Larry Elder made it very easy for them to do that by being so, to use the word Trumpy. A lot of positions he's taken, they're very provocative. A lot of them are, frankly, they're way out of step with California voters. So they were always going to make this about Donald Trump in some form, in some manifestation. Larry Elder just made it really, really easy for them to do so by being so in sync with Donald Trump.
BURNETT: All right. Mark, thank you so much. Dana, thank you so much.
BASH: Thank you.
BURNETT: I hope you all listen to Dana's podcast, of course, featuring Mark. And we'll have live special coverage of the results tonight starting at 10 pm Eastern.
And next more breaking news, Trump just responding to the explosive allegations in a new book about the final days of his presidency, including a report that the Joint Chiefs Chairman, Mark Milley, called China twice because he was so concerned Trump would start a war with China.
Plus, I'll speak to the Republican Governor of Arkansas tonight, a State that has vaccine mandates for students. So why is he against Biden's vaccine requirements for businesses?
And the heavy favorite in the race for New York City mayor is vowing to bring back the city's wealthiest New Yorkers who fled the state during the pandemic. But how does he plan to get them back? I'll ask Eric Adams.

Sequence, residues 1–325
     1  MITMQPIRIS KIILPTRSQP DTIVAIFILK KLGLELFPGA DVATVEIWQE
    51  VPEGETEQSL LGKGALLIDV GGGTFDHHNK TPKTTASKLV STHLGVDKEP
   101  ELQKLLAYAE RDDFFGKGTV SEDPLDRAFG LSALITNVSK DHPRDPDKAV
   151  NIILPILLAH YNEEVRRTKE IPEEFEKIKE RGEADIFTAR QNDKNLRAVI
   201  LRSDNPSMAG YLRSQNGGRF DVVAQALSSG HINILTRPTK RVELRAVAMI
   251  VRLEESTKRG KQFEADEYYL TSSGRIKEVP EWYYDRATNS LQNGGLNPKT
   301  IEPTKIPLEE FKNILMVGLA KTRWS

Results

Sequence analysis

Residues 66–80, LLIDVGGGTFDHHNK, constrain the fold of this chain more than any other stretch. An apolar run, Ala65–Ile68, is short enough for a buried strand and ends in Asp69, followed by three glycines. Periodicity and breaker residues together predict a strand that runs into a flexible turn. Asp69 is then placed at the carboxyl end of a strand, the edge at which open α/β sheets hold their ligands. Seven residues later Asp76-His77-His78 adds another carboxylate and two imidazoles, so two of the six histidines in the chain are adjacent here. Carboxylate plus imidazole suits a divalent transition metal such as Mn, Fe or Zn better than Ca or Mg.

BURNETT: Breaking news, Joint Chiefs Chairman Mark Milley facing calls to resign or be fired over bombshell revelations in a new book by Bob Woodward and Robert Costa. According to the book, Milley was so afraid that then-President Trump would start a war with China in the final weeks of his presidency that he made two secret phone calls to his Chinese counterpart to assure that there would not be a war.
One of Milley's calls came just two days after the January 6th insurrection, because he was convinced Trump suffered a mental decline after losing the election. The book says he shared on a call with how Speaker Pelosi. Pelosi said in part about Trump, "You know he's crazy. He's been crazy for a long time." To which Chairman Milley responds, "Madam Speaker, I agree with you on everything."
OUTFRONT now Isaac Stanley-Becker, The Washington Post, who has read an advanced copy of the book. So Isaac, thanks for coming on.
So to hear the Joint Chiefs Chairman say that the sitting president was suffering from mental decline, that's alarming. So let's just start with why was Milley so convinced this was the case.
ISAAC STANLEY-BECKER, NATIONAL POLITICS REPORTER, THE WASHINGTON POST: Well, simply put, Erin, he was convinced of this because he had been in the room with Trump. And as my colleagues Bob Woodward and Robert Costa report, he had seen as he had berated aided in scenes that they say resemble the movie the Full Metal Jacket. He had watched this. He had cocooned himself into this alternative universe of election related conspiracy theories and he had watched as he had signed his name to these slapdash memos, including one that would have withdrawn all U.S. forces from Afghanistan by January 15th without going through the proper chain of command.
So as you say, he believed that the election was a turning point for the president and that he had suffered a severe mental decline in the wake of that.
BURNETT: All right. So that's significant and let me just add to that from what we understand and since you've read it, you tell me what it says. They report that it wasn't just Chairman Milley who had concerns about Trump and Trump impulsively taking military action.